Classroom Activity: The Minefield
When to Use
Use this game when the learning objective is any of the following:
- Establish the importance of top down, bottom up and all round communication
- Create processes that succeed in spite of unexpected changes
- Appreciate the importance of team work in the success of an organization
- Discover how agility leads to success
Maximum: 20 (though it can be done in larger groups by creating several teams)
40 – 45 Minutes
- Printed maps of minefields on A4 size sheets
- Thermacol or cardboard
- Pin flag / coin to chart final route
- A digital stopwatch to keep time
- Keep the three prints of the minefields ready.
- Customer’s minefield view
- Executor’s minefield view
- Facilitator’s minefield view (Customer’s + Executor’s view)
- If you have more than 12 participants, divide the group into two teams. Each team should have a minimum five Messengers, one Executor, and one Customer. Based on the number of participants, you can vary the number of Messengers, Customers and Executors.
- Identify the area in which this activity will be carried out. Refer to the activity hand-out to understand the layout of the game.
- Identify the positions for each player – Customer, Messengers, Executor. Refer to the activity hand-out to understand the layout of the game.
- Keep a blank minefield grid ready on thermacol or cardboard. This will eventually be handed to the Executors and it will act as the fictitious minefield across which the box needs to be moved.
- Divide participants into two teams of 8-10 people.
- Explain the rules as provided below.
- Allow teams to take up to 10 minutes to plan their strategy.
- After 10 minutes, ask the Customer, the Messengers and the Executor to take their designated spots. Refer to the activity hand-out to understand the layout of the game.
- Tell participants that they cannot talk or move from their designated places.
- Start the game by handing over the minefields to the Customers. The Customer must select a safe route through the minefield, convert it into a message which will be passed through the chain of messengers to the executors.
- Also, hand out the minefield grid to the Executor. Note that the Executor has an additional mine which is not present on the Customer’s grid. Do not bring this to the attention of the team and observe how the Executor and the team reacts to this additional information.
- The Executor receives the messages from the last Messenger in the chain and uses the flag or a coin to chart out the route on the thermacol/cardboard grid. The Executor must carry out the exact steps as received through the last Messenger.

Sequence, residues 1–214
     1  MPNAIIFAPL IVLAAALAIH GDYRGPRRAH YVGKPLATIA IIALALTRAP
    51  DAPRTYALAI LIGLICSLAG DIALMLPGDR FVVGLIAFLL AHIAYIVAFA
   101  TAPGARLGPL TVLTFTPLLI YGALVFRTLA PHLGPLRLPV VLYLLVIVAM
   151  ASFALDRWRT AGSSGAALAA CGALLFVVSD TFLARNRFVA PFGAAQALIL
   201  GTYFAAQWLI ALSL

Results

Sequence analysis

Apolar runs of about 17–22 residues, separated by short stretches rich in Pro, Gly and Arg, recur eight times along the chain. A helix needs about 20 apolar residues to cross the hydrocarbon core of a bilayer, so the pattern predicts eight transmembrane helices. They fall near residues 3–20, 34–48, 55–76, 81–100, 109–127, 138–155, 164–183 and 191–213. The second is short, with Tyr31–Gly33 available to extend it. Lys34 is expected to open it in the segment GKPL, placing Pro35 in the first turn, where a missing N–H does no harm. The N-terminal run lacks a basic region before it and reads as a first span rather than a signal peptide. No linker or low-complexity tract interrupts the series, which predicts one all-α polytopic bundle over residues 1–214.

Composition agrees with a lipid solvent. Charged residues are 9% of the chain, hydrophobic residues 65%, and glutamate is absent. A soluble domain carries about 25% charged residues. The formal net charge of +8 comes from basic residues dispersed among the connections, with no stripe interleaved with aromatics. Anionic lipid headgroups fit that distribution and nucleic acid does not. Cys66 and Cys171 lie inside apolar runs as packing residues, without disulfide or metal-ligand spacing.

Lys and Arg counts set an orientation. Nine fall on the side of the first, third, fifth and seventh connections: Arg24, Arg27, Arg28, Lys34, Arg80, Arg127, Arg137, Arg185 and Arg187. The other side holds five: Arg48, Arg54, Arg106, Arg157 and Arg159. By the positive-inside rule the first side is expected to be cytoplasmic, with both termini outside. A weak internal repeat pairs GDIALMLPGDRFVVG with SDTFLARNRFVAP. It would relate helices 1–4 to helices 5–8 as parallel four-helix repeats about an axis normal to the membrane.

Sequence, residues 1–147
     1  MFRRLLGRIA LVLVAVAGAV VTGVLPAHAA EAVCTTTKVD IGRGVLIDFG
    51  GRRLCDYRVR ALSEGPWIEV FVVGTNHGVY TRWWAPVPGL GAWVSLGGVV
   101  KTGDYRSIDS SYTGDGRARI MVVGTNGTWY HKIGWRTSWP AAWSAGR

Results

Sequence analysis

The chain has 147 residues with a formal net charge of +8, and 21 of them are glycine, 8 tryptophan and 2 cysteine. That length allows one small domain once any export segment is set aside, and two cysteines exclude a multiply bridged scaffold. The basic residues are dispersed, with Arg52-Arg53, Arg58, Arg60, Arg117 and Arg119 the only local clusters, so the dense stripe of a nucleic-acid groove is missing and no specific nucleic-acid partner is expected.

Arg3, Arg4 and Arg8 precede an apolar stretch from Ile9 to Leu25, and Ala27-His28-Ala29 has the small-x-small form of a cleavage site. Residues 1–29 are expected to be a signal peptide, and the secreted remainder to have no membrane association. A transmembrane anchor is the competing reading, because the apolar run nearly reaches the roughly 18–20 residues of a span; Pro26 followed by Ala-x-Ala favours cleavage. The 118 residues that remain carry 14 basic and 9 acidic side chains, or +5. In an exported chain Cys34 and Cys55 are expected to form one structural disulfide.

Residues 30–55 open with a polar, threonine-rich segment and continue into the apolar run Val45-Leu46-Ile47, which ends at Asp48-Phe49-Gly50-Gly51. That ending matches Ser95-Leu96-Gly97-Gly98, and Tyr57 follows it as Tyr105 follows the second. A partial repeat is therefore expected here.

- If the box lands on a square with a mine, the team is given a negative score (-100) and the box has to begin its journey again from the start.
- The game ends when the box is successfully transferred across the minefield.
- If you have more than one team, the team which transfers the box in the shortest time with the highest score wins the game.
- Nobody can talk throughout the game. All messages and instructions must be passed non-verbally using signs or body actions.
- The Messengers will be positioned at a fixed spot and they cannot move from the spot.
- Teams can decide if they want to send one instruction at a time or the whole instruction at one go.
- The box can move in all 9 possible directions.
- Only the customer knows where the mines are.
- If the box falls on a mine, the team loses 100 points and the box has to begin the journey again from start.
- The team that finishes successfully in the shortest period with higher score wins the game.
- Silence break by anyone leads to a deduction of 10 points.
- The Executor carries out the commands coming through the chain on the blank thermacol/cardboard grid. A coin/flag can be used to trace the journey of the box across the minefield.
- The timer starts the moment the Customer is handed over the minefield and only stops when the box crosses the minefield successfully.
Once the game is over, the facilitator can lead a discussion by asking the following reflective questions:
- Were you successful? Why / Why not?
- What was the ultimate goal of the game?
- What did you discover? What happened after you discovered the new information?
- Did you plan for top down and bottom up communication? How did that impact the game?
- Did you and your customer work like a team to achieve a single objective?
- How can you do better?
Have fun playing this game in your class and let us know how it went. Download PDF
Cover Illustration: Sneha Malani